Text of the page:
As a responsibly armed American, you already know how challenging it can be to stay up to date on gun laws.
West Virginia gun owners, you’re in luck. We’ve gathered some of the most frequently asked firearms questions in your state. Read on for answers to some of the top questions regarding West Virginia gun laws. (Not from West Virginia? Check the Legal & Second Amendment tab for your state.)
Can You Carry a Gun Without a Permit in West Virginia?
Yes. West Virginia is a constitutional carry state. Open carry is legal, with no requirement to have a license to carry a firearm, provided the person is a U.S. citizen or legal resident of the U.S. A carrier must be at least 18 years old and legally entitled to have a firearm under state and federal law. To concealed carry without a license, a person must be a U.S. citizen or legal resident of the U.S. and at least 21 years old. He or she must be legally entitled to have a firearm under state and federal law. If an 18- to 20-year-old wishes to concealed carry, he or she would require a Provisional Concealed Handgun License (CHL).
Do Guns Have to Be Registered in West Virginia? Is There a Waiting Period to Buy a Gun in West Virginia?
No. There is no firearms registration requirement in West Virginia. In addition, there is no mandated waiting period prior to the purchase of a firearm.
Can You Carry a Loaded Gun in Your Car in West Virginia?
Yes. Loaded firearms can be carried concealed in vehicles by anyone who is at least 21 years old (18 years old for members of the United States Armed Forces, Reserve or National Guard) and legally entitled to have a firearm under state and federal law. No concealed carry permit is required.
Are Brass Knuckles Legal in West Virginia?
Yes, metallic or brass knuckles are legal in West Virginia. They are considered deadly weapons and may be carried concealed by U.S. citizens or legal residents of the U.S. who are 21 years of age or older. Users must not be otherwise prohibited under state or federal law from possessing a firearm. No concealed carry license is necessary.
Can You Carry a Gun in a Bar in West Virginia?
Yes. There is no law restricting concealed carry in bars or restaurants in West Virginia, unless the establishment has signs posted indicating no firearms are allowed.
Is West Virginia a ‘Stand Your Ground’ State?
Yes. West Virginia is a Castle Doctrine state and has a “stand your ground” law. A lawful occupant within a home or other place of residence is justified in using reasonable and proportionate force, including deadly force, against an intruder or attacker. The occupant must reasonably believe that the intruder or attacker intends to commit a felony in the home or residence and that deadly force is necessary. There is no duty to retreat in any place a person has a legal right to be if the person reasonably believes that he or she or another is in imminent danger of death or serious bodily harm — that is, if he or she or another can only be saved by the use of deadly force against the intruder or attacker.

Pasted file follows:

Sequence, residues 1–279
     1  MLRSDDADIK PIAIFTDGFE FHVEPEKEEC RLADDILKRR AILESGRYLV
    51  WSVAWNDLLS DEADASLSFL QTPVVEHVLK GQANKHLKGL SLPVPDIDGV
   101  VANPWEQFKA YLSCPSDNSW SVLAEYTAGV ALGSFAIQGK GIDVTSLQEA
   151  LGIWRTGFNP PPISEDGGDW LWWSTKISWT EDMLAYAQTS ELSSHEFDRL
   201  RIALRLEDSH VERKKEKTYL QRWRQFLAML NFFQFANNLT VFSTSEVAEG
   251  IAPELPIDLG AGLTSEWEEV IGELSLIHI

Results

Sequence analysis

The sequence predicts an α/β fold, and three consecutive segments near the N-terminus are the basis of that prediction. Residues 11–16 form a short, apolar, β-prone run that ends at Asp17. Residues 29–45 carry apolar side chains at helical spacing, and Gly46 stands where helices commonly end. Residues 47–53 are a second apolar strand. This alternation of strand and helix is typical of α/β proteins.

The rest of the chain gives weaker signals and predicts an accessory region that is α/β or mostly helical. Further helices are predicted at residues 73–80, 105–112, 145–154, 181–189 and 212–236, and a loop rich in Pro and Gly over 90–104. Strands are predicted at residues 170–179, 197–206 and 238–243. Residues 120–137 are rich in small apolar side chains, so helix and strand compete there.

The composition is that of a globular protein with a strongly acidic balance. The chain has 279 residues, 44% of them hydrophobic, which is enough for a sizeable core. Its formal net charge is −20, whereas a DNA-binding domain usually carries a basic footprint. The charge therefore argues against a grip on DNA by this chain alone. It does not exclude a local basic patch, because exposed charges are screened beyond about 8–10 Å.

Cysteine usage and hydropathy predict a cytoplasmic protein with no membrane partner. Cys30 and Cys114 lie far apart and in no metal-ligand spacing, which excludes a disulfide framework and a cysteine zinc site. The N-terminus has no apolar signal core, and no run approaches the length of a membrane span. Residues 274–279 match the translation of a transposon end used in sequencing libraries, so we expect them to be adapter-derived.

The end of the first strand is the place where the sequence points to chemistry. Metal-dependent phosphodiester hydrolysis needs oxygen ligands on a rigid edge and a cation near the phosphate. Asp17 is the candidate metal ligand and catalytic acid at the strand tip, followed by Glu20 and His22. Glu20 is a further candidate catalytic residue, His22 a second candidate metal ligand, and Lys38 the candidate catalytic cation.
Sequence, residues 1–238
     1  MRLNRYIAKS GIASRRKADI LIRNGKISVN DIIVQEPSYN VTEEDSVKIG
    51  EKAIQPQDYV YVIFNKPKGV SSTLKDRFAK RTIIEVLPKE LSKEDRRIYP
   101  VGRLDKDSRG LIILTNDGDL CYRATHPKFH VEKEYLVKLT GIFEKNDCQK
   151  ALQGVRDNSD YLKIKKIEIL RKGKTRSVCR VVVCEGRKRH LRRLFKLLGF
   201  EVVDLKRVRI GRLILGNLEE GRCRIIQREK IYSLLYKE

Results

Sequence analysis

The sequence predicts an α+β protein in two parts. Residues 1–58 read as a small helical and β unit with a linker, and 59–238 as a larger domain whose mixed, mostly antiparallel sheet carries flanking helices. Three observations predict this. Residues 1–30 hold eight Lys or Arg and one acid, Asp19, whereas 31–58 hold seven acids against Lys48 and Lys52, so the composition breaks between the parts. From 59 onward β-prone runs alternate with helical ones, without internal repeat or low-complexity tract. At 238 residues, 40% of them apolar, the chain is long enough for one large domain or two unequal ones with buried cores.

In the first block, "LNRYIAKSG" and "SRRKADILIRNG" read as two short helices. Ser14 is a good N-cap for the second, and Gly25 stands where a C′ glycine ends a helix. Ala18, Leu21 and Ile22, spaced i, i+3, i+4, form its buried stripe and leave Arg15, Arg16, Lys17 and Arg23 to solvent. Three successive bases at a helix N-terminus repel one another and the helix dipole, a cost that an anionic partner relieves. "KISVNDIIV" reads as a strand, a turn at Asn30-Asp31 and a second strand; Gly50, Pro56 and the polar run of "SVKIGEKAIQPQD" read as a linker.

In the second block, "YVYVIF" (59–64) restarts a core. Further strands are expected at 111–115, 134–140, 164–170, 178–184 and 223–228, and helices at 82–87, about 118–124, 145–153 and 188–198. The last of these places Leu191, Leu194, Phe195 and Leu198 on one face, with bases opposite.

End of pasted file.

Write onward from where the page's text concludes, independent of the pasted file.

What States Recognize West Virginia Gun Permits?
There are 38 states that recognize West Virginia Concealed Handgun Licenses (CHLs) or allow permitless carry. Of those 38 states, many do not honor WV provisional permits issued to 18- to 20-year-olds, and several states only honor CHLs issued to WV residents. The only states that do NOT honor West Virginia CHLs are:
- District of Columbia
- New Jersey
- New York
- Rhode Island
Ready to Learn More About West Virginia Gun Laws?
It is your responsibility as a gun owner to know and understand the laws regarding your concealed carry rights. The USCCA’s Concealed Carry Reciprocity & Gun Laws Map has been designed to help inform and educate armed citizens like you. To learn more about West Virginia’s concealed carry permit application process, concealed carry restrictions and training requirements, visit the West Virginia gun laws page now…
The information contained on this website is provided as a service to USCCA, Inc. members and the concealed carry community and does not constitute legal advice. Although we attempt to address all areas of concealed carry laws in all states, we make no claims, representations, warranties, promises or guarantees as to the accuracy, completeness or adequacy of the information disclosed. Legal advice must always be tailored to the individual facts and circumstances of each individual case. Laws are constantly changing, and, as such, nothing contained on this website should be used as a substitute for the advice of a lawyer.